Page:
Similarly, you need to “dissect” your failure carefully to determine the things that caused it. Here the key is to be as objective, unbiased, and critical as possible.
Be aware of the self-serving bias
In psychology, the self-serving bias is a cognitive bias where you tend to attribute positive events to your own merits while attributing negative events to external factors.
So when you experience a failure, you tend to attribute it to external factors much more than the actual role played by them and downplay your own part in it.
So be aware of the self-serving bias and instead of blaming external factors, try to see better the mistakes you made or the things that could have been done better.
Yes, you need to think, deeply in fact. Playback the events in your brain again and again. Put on your detective cap and critically examine the evidence.
You will start seeing the mistakes you made and the things that could have been done in a better manner.
Think this is futile?
If you think this is futile and a waste of time, think again — you might glean valuable information that could prevent another failure.
Most of my self-improvement can be attributed to deep thinking.
Thinking can reveal things that you didn’t even know that you knew, such is its power.
“Education is not the learning of facts, but the training of the mind to think”
— Albert Einstein
Analyze the Feedback
You may not always receive feedback but in most cases such as getting a piece of writing rejected by a publication editor or not making it through an interview, you can always request feedback.
Be greedy for feedback. Just the act of requesting feedback shows a will to learn and improve.
You should in fact request feedback as a study published in Psychological Science found uncertainty to be much more stressful than clear negative feedback.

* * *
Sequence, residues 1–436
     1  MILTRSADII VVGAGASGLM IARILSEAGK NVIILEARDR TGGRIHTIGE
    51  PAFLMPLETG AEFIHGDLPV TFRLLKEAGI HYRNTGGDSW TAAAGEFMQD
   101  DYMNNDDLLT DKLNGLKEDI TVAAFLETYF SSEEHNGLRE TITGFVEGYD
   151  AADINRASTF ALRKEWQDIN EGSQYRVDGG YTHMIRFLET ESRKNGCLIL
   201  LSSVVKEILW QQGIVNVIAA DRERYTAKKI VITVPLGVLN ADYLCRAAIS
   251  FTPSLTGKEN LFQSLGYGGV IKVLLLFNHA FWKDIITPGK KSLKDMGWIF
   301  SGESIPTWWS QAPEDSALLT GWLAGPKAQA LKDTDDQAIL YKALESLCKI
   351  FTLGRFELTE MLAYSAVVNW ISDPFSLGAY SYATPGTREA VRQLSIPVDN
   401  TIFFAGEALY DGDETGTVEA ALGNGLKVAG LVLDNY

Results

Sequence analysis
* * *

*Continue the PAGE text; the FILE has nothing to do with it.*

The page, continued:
Don’t be butthurt or feel “inferior” when harsh negative feedback is given. Understand that feedback is nothing but a source of learning and try to glean as much as possible from it.
“We all need people who will give us feedback. That’s how we improve”
— Bill Gates
Look for the Positives in Destructive Criticism
As I said earlier, people are quick to mock, criticize, and spout unsolicited advice. But even in such seas of negativity, you can sometimes find positive things.
When I started going to the gym as a skinny teenager, one of the regulars would mock me for not training hard and lifting “pussy” weights despite not lifting much himself.
Consumed by shame and rage, I tried lifting more and going harder. To my surprise, I found out that I could.
That’s when I realized that I actually wasn’t training hard enough. What he intended as mockery became an important realization for me.
Criticism, no matter how harsh or poisonous can be molded to your advantage by looking for the positives in it and using it to fuel your drive and motivation.
Put Your Learning to Practice
Everything you learn from your failure will amount to nothing if you don’t put it into practice.
Drill every single mistake you made into your memory and make sure that you don’t repeat any of them. As the age-old saying goes,
“It’s not a mistake to make a mistake but its a mistake to repeat a mistake”
Equipped with the arsenal of knowledge gleaned from your failure, when you try again — you will do things better, not make the same mistakes, and you might succeed or fail again.
But this failure will be less severe and closer to success than the last one and the next even closer, on and on until you eventually succeed.
“I’ve missed more than 9,000 shots in my career. I’ve lost almost 300 games. Twenty-six times I’ve been trusted to take the game-winning shot and missed. I’ve failed over and over and over again in my life.”
— Michael Jordan